It’s Hot In There

If being light hearted about the dying process is not your thing, you may not want to read this column. I have, at times, been accused of being insensitive. I’m sorry if I offend.


There’s hot, and then there’s hot. And at the end of it all, there’s really hot but that’s a discussion best left for your preacher.

For now, when I say it’s hot, I mean hot like 97 degrees Fahrenheit. That’s pretty hot and will get most people talking. Below 97, it’s just another summers day in Middle Georgia. Some lemonade and some nice cold AC, all is well.

But let’s say you died and got yourself in the cremation line at the local


crematorium. How hot is that oven? It’s hot, like 1400 to 1800 degrees hot. While not surface of the Sun hot, since the Sun is 10,000,000 degrees or so, but still 1600 degrees (averaging it out) is pretty darn
 hot. The group Smash Mouth had a big hit with “Walking On The Sun.” Their video is awesome and reminds me of the B-52s (the band, not the bomber). What I remember is Maryl, my lovely oldest daughter, one time asked me if she could buy the latest Smash Mouth CD. I vetoed it as I couldn’t support a group called Smash Mouth. I’m okay with Strawberry Alarm Clock, Deep Purple, Doobie Brothers and Mott The Hoople, but no to Smash Mouth? I think I caved in later as I actually listened to their stuff and found it pretty good.

I digress. So 1600 degrees is hotter than your average home oven will get, so  you have to go to a crematorium to get cooked like that. In case you have an extra hot oven, doing this at home is prohibited anyway. The crematoriums got together and had a law passed that only they can cook people. Trying this at home on Aunt Ester will get you a misdemeanor. Even a funeral pyre is unlawful. (OCGA 31-12-5).

Turns out it takes more than two hours of 1600 degrees in the oven to get you cooked completely. The only thing left is bone fragments, which is what your loved ones can take home. But since your bones are still kind of chunky, your ashes are run through a processor to make a nice, fine powder. It was probably too much of the food processor that contributed to your death anyway, so one last spin isn’t a big deal.

Here’s some things I learned recently about the crematory experience. You still get a casket. Doesn’t have to be as fancy as normal, but it can be. You can even rent a really nice one for your viewing, and then switch to the pine box for the baking part. People want to go out with a certain sense of style after all. And then once the cookies have been cooked, so to speak, you are put into an urn, which costs yet again. That dying is expensive, but living ain’t cheap either.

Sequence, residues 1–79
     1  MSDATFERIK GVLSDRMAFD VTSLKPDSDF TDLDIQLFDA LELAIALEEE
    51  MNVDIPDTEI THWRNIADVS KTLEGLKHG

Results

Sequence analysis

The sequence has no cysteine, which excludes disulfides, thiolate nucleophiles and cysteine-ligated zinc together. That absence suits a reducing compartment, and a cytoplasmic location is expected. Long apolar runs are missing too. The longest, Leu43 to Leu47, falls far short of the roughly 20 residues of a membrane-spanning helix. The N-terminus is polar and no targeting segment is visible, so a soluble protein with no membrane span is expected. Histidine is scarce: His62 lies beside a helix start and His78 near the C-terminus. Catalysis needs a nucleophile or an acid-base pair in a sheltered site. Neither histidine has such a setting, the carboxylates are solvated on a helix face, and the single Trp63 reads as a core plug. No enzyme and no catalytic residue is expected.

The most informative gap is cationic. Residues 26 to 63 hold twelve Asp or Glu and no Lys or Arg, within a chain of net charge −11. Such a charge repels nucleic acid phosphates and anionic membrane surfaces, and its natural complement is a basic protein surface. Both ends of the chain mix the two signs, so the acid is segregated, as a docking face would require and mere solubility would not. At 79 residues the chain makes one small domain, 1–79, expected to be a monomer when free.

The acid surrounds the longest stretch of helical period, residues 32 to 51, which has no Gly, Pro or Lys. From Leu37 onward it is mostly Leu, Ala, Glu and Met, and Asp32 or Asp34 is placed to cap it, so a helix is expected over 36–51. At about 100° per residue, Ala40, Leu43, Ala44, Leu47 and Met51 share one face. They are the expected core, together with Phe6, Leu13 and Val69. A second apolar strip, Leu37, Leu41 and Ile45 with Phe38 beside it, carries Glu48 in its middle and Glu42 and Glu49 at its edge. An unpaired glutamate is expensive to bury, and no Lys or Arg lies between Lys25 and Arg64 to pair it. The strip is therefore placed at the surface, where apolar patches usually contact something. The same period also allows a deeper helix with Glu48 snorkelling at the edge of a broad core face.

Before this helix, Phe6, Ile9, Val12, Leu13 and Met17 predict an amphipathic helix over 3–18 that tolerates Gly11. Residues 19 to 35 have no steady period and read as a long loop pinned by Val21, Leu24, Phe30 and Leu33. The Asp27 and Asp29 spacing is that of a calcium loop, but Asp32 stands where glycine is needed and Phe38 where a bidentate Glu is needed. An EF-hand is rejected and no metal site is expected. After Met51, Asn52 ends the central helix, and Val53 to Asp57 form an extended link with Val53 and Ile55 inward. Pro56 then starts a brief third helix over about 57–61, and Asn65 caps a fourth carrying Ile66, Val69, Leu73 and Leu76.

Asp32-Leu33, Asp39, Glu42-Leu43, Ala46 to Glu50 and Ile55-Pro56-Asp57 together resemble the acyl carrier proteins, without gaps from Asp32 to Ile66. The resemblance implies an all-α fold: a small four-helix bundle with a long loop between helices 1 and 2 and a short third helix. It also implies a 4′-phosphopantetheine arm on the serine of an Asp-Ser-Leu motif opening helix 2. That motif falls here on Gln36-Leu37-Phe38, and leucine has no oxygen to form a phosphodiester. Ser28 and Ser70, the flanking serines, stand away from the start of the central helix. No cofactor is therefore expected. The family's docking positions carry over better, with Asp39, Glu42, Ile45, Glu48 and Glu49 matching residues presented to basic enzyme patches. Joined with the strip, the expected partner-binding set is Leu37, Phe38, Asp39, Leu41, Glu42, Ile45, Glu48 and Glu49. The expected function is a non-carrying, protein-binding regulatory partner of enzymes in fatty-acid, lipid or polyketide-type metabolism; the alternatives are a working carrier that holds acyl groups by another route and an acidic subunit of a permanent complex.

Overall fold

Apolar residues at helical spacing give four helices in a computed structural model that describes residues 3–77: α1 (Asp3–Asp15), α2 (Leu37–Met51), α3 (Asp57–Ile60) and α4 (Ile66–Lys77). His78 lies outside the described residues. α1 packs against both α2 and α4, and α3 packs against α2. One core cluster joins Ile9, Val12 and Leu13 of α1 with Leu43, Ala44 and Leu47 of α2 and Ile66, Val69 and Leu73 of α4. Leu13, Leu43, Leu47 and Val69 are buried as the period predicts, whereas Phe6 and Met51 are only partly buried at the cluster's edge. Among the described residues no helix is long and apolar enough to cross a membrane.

You cannot be double cremated. So if your loved one goes out with you, it’s a double dose of oven time. If you take anything with you into the cremation, it’ll not come out, so important things like jewelry need to be left behind. I’ve always thought that an Ipod with earbuds stuck in my ears would be a cool way to sign off, but I doubt Mary Ann would go for that. I know it’d never survive the 1600 degrees since they can’t even survive being left in a hot car.

In Georgia you can’t legally be cast into the wind at the beach. Nope, you gotta go at least three miles out to sea. And you can’t be buried in your container. And whoever does the ceremony has to do an affidavit about where the remains were cast. We got regulations aplenty. (OCGA 31-21-4).

The closing scene of The Big Lebowski (not for the timid) is Walter (John Goodman) scattering Donny’s ashes about. Unfortunately,  a gust of wind comes up and blows Donny all over The Dude’s (Jeff Bridges) face, especially into his beard. Not sure that scene could have been shot in Georgia, as casting ashes out to sea means taking a boat ride. And at the end of the day, wouldn’t a boat ride and swimming with the sharks have been a lot less trouble?

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